Elizabeth Becker (@LizzyTheWriter),
client partner and marketing manager for the tech staffing firm
(@protechceo) notes, “In my case, it’s tempting to write my entire site around IT or tech staffing because that is what PROTECH does,” says Becker. “However, a hiring manager looking for a developer might not be searching for ‘IT Staffing.’ They might just be searching for ‘hiring in South Florida.’”
Case study: “We recently worked with a company that developed an app to help marketers manage their paid advertising campaigns,” says
chief strategist at
Clariant Creative Agency
(@ClarCreative), an inbound marketing firm.
"The company always referred to their product as 'CPC.' We did some very basic research and found that, by a ratio of nearly five to one, their target audience uses the terms 'PPC' over 'CPC,'" says Carter. "We immediately changed the way we referred to the product, and with that one change, traffic to their website immediately began to spike – simply because we were now using the same language their customers used."
Don’t Be Afraid to Change Tactics
Sometimes a winning strategy stops working or never takes off at all. That’s OK. It just means it’s time to try something new. Mixing things up in a strategic way can sometimes be just what your website needs.
Andrei Tiburca (@AndreiTiburca), a
marketer, copywriter, and email marketing strategist at
(@Bannersnack), says his company decided to boost its online presence by creating five-minute podcasts dubbed “snacks.” Because many of the Bannersnack employees are podcast enthusiasts, they assumed their podcast would be a big hit and drive traffic to the site.
When the podcast failed to catch on despite tweaks to the format and a promotional push on Facebook, Tiburca says the company decided to hit pause. “For the moment, the podcast is on hold, and we are now focusing on more relevant content,” says Tiburca.
Something might seem like a great idea, but if your audience doesn’t agree, it may be time to reconsider your strategy.
Bannersnack found that longer articles, optimized for keywords, are the company’s sweet spot, and Tiburca says one of his articles on video banner ads is currently on the first page of Google for its three target keywords.
If you’d like to learn more about effectively marketing your business, check out our article “Master the Art of the Buzzword & Get More Projects You Love.”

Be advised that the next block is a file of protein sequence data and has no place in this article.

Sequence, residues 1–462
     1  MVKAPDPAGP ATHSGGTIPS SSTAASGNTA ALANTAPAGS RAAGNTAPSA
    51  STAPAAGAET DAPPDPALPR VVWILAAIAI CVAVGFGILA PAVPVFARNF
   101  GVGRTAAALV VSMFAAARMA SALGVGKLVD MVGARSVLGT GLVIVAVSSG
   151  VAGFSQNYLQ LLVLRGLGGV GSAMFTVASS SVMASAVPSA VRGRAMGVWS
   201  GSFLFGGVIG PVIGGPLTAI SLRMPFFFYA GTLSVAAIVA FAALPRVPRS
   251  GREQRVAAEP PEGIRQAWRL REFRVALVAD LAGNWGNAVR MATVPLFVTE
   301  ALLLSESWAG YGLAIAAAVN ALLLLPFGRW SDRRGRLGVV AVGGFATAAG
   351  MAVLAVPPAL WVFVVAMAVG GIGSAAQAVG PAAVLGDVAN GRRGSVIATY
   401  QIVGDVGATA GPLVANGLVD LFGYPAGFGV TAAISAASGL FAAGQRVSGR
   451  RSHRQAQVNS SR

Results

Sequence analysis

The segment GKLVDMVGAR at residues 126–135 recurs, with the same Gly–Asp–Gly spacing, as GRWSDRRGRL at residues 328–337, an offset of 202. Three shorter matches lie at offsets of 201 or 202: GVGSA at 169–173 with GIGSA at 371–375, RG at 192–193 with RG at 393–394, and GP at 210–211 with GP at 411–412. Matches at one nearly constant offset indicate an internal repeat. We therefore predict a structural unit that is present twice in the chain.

About the Contributors
Jacob Ackerman is the chief technology officer at SkyLink Data Centers, Southwest Florida’s premier colocation and hosting provider. His first technology job was with Regal Entertainment, where he had an early opportunity to be associated with the launch of Fandango. After earning a bachelor’s of science in technology, he worked for Caterease and Stock Development before accepting the CTO role at SkyLink Data Centers.
Elizabeth Becker is the client partner and marketing manager for the tech staffing firm PROTECH. In her free time she writes kids’ and travel books – because she enjoys both. Learn more about her published books and other fun stuff on her website LizzyTheWriter.com.
Beth Carter is the chief strategist at Clariant Creative Agency, an inbound marketing firm that specializes in creating content that customers can’t live without.
Jessica Elle is the digital marketer for technology company Forest Giant and co-founder of Localturf, a no-code website builder for small businesses. She has more than eight years of digital marketing experience and loves helping other companies launch and succeed online.
Sean Hall is the CEO and founder of TekBoost, a tech startup located in Austin, Texas, that focuses on the national resale of refurbished IT equipment. Prior to launching TekBoost, Hall studied biochemistry at Baylor University.
Andrei Tiburca is a marketer, copywriter, and email marketing strategist for Bannersnack, an all-in-one banner maker and advertising app that allows users to create high-quality banner ads to use for display advertising, search retargeting, and Facebook ads.